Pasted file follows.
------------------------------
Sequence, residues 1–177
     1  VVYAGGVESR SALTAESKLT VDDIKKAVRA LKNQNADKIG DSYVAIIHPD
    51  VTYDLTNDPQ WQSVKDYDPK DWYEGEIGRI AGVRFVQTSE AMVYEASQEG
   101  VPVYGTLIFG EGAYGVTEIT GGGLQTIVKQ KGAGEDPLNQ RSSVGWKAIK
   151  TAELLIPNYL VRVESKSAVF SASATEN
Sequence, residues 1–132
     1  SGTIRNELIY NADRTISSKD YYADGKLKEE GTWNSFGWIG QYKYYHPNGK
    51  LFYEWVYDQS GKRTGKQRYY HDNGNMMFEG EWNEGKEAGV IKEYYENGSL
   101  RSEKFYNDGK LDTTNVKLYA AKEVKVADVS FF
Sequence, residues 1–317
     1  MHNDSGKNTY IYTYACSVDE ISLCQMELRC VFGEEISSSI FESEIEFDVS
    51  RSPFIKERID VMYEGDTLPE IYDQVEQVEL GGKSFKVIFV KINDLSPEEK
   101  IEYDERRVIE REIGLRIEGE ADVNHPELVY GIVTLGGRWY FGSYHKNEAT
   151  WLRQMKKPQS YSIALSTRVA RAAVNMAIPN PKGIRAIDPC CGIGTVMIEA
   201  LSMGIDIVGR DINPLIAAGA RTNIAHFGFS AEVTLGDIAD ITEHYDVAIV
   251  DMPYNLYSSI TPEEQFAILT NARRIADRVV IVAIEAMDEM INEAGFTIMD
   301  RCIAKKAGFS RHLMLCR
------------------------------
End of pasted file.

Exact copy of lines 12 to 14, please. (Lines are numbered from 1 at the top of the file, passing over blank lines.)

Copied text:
    51  RSPFIKERID VMYEGDTLPE IYDQVEQVEL GGKSFKVIFV KINDLSPEEK
   101  IEYDERRVIE REIGLRIEGE ADVNHPELVY GIVTLGGRWY FGSYHKNEAT
   151  WLRQMKKPQS YSIALSTRVA RAAVNMAIPN PKGIRAIDPC CGIGTVMIEA